With the #MeToo movement continuing to make headlines, leadership should expect scrutiny and should be willing to demonstrate that safety and wellbeing are treated with the greatest importance within their organisation. Our previous briefings look at the crisis management implications and safeguarding considerations of this crisis in further detail.

4. The Paradise Papers: why tax is now a reputational issue

The leak of the 'Paradise Papers' in November detailed the confidential offshore tax arrangements of an impressive list of high-profile individuals and companies. The implications of leaks of confidential financial information for high-profile individuals are considered in our previous briefing, where we warn of the continued reputational risk of offshore tax arrangements in the information age. Another important message is that tax is just one area of vulnerability. A lesson for high-profile individuals and organisations to take from 2017 is that information leaks are inevitable. Preparation, however, can go a long way in helping to minimise the damage they cause. There will undoubtedly be further data leaks in 2018, and anyone with a reputation to protect should be prepared for this.

5. The Morrisons judgment and the GDPR: why organisations need to prepare for data breach claims

The year ended in a spectacularly bad fashion for Morrisons Supermarket, who became the first employer to be held vicariously liable for a data breach committed by an employee. Although the court held that Morrisons had no primary liability for the breach, the actions of its disgruntled employee were sufficiently connected to his employment to make Morrisons vicariously liable for his acts. Further information on the judgment is contained in our case summary.

Although Morrisons have been given permission to appeal, employers should seriously consider the implications of this judgment. The General Data Protection Regulation (GDPR), scheduled to come into force in March 2018, will place an even greater number of obligations on data controllers, including the mandatory reporting of serious data breaches to those affected. It also facilitates group litigation for data breaches and allows for higher fines to be imposed by the Information Commissioner. Preparing for the GDPR is essential for every organisation, particularly in the wake of the Morrisons judgment, as is reviewing employee access to confidential data.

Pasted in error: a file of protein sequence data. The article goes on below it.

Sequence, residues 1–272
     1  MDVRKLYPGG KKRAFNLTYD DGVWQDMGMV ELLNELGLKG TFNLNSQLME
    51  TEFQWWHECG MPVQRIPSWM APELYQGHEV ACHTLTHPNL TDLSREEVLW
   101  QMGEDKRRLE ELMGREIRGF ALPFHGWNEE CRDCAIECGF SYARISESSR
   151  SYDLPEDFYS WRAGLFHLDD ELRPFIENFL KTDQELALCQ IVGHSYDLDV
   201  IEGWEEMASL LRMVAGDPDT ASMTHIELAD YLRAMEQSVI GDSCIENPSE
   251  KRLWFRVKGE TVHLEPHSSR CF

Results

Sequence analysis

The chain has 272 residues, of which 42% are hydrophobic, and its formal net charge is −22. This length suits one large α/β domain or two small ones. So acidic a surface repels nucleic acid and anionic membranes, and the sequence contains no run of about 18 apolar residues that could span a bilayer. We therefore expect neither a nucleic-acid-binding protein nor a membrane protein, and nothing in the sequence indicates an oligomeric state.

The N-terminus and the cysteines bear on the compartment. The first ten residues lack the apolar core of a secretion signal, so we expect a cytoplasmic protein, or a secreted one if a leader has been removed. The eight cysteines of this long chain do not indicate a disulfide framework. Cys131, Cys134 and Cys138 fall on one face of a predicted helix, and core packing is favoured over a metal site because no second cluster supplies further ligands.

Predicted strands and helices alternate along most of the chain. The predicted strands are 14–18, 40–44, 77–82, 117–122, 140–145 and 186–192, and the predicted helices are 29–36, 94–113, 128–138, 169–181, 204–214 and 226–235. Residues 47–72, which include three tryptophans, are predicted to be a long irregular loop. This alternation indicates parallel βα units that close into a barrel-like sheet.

If you require further information on anything covered in this briefing please contact your usual contact at the firm on 020 3375 7000. Further information can also be found on the Reputation Management page on our website.

This publication is a general summary of the law. It should not replace legal advice tailored to your specific circumstances.

© Farrer & Co LLP, January 2018

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Thomas Rudkin


Tom is a leading reputation, media and information lawyer.  He advises the firm’s clients on all issues relating to their reputation, privacy, confidential information and data. Tom is a member of the firm’s Reputation Management and Data, IP and Technology Disputes practices.   

Tom is a leading reputation, media and information lawyer.  He advises the firm’s clients on all issues relating to their reputation, privacy, confidential information and data. Tom is a member of the firm’s Reputation Management and Data, IP and Technology Disputes practices.   

Email Thomas +44 (0)20 3375 7586